Honda Smart Home opens in Davis for zero-carbon living

Honda and the University of California, Davis, have opened the Honda Smart Home US, showcasing technologies that enable zero net energy living and transportation. The home in UC Davis West Village is capable of producing more energy on-site from renewable sources than it consumes annually, including enough energy to power a Honda Fit EV for daily commuting.

A Honda-developed home energy management system and an energy efficient design will allow the occupants to use less than half of the energy of a similarly sized new home in the Davis area for heating, cooling and lighting. The home is also three times more water-efficient than a typical U.S. home. Watch videos about Honda Smart Home US.


Honda Smart Home, construction of which began in April 2013, will serve as a residence for a member of the UC Davis community, whose selection will soon be announced. The fully-furnished home comes equipped with a Honda Fit EV battery electric vehicle for daily transportation.


In addition to showcasing Honda’s vision for sustainable, zero-carbon living and personal mobility, the home will function as a living laboratory where the company, along with researchers from UC Davis and Pacific Gas and Electric Co. (PG&E), will evaluate new technologies and business opportunities at the intersection of housing, transportation, energy and the environment. 


Honda’s environmental efforts extend beyond personal mobility to address two of the primary sources of carbon dioxide emissions: cars and homes.

Honda Smart Home fits right in at UC Davis West Village, the largest planned zero net energy housing development in the United States. Opened in 2011, West Village is home to the university’s internationally recognized research centers focused on energy efficiency, sustainability and transportation. 


Sustainable features

Honda Smart Home brings together innovative technology and the latest green building concepts:

Solar photovoltaics — A 9.5kW solar photovoltaic, or PV, system mounted on the roof will generate more energy than the home and Fit EV consume on an annual basis, due in large part to the efficient design of the home. All of the energy for space heating, space cooling, ventilation, lighting, hot water, appliances and consumer loads, in addition to the transportation energy for the Honda Fit EV, is supplied by the solar panels on the home.

Electric vehicle charging — The Honda Fit EV included with the home has been modified to accept DC power directly from the home’s solar panels or stationary battery, eliminating up to half of the energy that is typically lost to heat during DC-to-AC and AC-to-DC power conversion. When the solar panels are generating electricity at full capacity, the vehicle can fully recharge in approximately two hours directly from sunlight.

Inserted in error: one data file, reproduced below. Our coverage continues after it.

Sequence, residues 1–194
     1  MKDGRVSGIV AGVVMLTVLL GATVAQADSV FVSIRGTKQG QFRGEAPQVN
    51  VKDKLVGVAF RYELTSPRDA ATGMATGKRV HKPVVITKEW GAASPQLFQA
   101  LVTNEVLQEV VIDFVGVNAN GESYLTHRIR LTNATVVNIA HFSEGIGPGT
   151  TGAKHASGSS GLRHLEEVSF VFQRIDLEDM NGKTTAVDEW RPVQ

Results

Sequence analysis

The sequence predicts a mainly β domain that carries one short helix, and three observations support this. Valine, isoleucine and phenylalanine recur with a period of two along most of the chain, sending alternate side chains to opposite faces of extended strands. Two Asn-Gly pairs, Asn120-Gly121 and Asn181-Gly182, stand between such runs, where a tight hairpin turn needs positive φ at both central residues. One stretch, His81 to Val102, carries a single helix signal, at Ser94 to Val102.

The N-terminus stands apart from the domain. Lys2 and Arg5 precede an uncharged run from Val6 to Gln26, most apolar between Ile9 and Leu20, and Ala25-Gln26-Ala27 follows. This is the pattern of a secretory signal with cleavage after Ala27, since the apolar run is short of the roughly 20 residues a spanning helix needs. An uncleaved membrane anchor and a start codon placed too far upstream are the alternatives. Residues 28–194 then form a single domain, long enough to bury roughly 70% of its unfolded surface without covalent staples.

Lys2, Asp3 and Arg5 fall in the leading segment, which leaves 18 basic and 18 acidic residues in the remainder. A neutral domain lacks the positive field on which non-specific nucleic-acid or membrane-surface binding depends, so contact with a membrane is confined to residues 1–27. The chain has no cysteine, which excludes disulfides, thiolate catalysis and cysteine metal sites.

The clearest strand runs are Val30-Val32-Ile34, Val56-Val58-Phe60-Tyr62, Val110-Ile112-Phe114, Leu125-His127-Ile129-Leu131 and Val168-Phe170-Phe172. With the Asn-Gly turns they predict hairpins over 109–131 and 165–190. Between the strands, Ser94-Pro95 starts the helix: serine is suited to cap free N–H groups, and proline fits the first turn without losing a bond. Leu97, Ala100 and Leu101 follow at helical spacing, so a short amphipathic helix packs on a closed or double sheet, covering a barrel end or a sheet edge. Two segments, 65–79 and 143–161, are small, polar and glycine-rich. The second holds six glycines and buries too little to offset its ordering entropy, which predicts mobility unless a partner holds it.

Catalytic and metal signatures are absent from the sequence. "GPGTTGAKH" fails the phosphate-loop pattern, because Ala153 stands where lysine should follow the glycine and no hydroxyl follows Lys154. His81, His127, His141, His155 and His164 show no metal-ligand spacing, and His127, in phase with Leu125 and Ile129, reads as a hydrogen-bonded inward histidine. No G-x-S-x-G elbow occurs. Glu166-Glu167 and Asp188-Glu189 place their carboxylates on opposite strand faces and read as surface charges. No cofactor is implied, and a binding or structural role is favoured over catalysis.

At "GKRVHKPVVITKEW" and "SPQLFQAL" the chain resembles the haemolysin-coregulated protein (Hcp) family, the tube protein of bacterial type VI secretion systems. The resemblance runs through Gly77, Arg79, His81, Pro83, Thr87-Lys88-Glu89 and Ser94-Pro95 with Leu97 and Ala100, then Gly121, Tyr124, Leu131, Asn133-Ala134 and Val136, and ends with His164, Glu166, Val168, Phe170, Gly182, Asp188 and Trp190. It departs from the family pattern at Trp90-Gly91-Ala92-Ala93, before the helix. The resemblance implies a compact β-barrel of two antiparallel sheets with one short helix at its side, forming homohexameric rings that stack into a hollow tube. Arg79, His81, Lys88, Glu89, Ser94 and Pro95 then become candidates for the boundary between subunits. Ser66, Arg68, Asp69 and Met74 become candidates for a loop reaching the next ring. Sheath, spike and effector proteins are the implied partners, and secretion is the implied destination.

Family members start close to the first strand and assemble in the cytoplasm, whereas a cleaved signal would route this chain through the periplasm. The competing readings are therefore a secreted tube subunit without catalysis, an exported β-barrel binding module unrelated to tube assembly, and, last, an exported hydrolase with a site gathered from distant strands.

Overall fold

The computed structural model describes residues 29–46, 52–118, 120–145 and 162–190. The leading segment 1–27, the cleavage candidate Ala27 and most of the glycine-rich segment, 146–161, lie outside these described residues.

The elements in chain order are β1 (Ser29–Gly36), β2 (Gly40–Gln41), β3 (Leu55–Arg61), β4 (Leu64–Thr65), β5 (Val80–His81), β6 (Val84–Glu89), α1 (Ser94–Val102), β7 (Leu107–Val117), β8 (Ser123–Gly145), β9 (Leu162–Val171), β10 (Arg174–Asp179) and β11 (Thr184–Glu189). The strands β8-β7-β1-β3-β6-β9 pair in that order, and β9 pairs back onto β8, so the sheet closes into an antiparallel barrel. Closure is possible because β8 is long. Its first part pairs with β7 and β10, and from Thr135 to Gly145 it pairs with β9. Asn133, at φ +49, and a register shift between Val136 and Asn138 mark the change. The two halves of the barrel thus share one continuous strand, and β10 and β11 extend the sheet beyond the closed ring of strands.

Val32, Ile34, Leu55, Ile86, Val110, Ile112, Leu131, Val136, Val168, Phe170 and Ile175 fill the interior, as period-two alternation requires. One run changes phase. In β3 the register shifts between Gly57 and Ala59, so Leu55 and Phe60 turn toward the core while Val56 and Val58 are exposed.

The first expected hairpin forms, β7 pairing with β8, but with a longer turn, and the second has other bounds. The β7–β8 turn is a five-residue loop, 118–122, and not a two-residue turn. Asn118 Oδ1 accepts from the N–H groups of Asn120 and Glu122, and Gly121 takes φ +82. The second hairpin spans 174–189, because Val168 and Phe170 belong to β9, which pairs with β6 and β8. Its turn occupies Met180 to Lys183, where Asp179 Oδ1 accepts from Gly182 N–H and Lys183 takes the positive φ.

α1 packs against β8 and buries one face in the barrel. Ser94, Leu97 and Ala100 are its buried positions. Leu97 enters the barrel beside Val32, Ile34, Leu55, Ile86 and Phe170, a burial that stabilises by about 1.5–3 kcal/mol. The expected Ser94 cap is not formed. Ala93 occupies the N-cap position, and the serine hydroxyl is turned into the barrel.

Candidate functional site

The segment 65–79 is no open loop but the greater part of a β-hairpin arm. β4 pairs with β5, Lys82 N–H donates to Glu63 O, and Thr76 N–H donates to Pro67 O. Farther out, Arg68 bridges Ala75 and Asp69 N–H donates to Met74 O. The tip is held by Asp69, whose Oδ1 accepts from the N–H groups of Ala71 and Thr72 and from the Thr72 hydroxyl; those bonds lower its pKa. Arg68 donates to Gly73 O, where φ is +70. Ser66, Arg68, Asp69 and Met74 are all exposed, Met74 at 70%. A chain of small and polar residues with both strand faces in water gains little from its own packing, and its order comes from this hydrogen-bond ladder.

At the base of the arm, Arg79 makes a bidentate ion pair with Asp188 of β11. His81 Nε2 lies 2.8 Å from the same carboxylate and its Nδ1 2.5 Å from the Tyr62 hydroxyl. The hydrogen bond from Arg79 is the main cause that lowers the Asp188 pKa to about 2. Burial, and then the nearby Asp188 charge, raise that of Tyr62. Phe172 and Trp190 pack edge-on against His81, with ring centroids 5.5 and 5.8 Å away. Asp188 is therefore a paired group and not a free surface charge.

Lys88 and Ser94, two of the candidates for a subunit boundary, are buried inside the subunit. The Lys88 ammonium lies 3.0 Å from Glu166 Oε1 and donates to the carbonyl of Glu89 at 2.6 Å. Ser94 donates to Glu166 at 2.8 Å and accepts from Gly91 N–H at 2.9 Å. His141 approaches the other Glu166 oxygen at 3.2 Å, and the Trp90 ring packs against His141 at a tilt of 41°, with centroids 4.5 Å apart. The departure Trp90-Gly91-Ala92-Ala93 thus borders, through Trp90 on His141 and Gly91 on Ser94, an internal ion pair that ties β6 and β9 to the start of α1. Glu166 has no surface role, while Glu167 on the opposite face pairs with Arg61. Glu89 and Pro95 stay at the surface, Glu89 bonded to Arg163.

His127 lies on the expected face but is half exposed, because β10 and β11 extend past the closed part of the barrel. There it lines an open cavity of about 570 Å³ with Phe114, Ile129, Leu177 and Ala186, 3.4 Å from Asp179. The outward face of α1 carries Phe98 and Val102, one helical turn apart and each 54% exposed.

Geothermal radiant heating and cooling — In homes and cars, heating and air conditioning systems consume significant amounts of energy. In the ground beneath the Honda Smart Home’s back yard, eight 20-foot-deep boreholes allow a geothermal heat pump to harness the ground’s relatively stable thermal sink to heat and cool the home’s floors and ceiling throughout the year. Researchers from UC Davis will evaluate the performance of the system to determine its adaptability to mainstream use.

Advanced lighting — The LED lighting used throughout the home is not only five times more energy efficient than conventional lighting, is is also designed to support the health and wellness of the home’s occupants. Honda worked with researchers from UC Davis’ California Lighting Technology Center to explore new circadian color control logic.

Mimicking the natural shifts in daylight that occur from morning to night, the circadian-friendly lighting design allows occupants to select lighting scenes that complement occupants’ circadian rhythms and support nighttime vision.

The amber hallway night lights, for example, provide enough light to navigate through the home in darkness without depleting a photopigment in the human eye called rhodopsin that helps people see in low-light conditions. This allows occupants to move about safely and return to sleep quickly and easily.

Exposure to bright, blue-rich light during the day helps put body and mind in an alert and energetic state, but at night, blue light can disrupt circadian sleep cycles. Therefore, Honda Smart Home minimizes the use of blue light at night.

Passive design — Honda Smart Home is designed to be extremely energy efficient by taking into account local weather conditions, sun direction and the home’s outer shell. Known as “passive design,” these techniques reduce the energy needed for heating and cooling while maintaining comfortable living conditions.

Honda Smart Home’s south-facing windows are optimized for heating and cooling, while the north-facing windows are positioned to maximize natural light and ventilation. This will keep the home naturally cool in the summer and warm in the winter. Double stud walls, cool roofing material and a fully insulated concrete slab all contribute to the home’s energy efficiency.

—UC Davis

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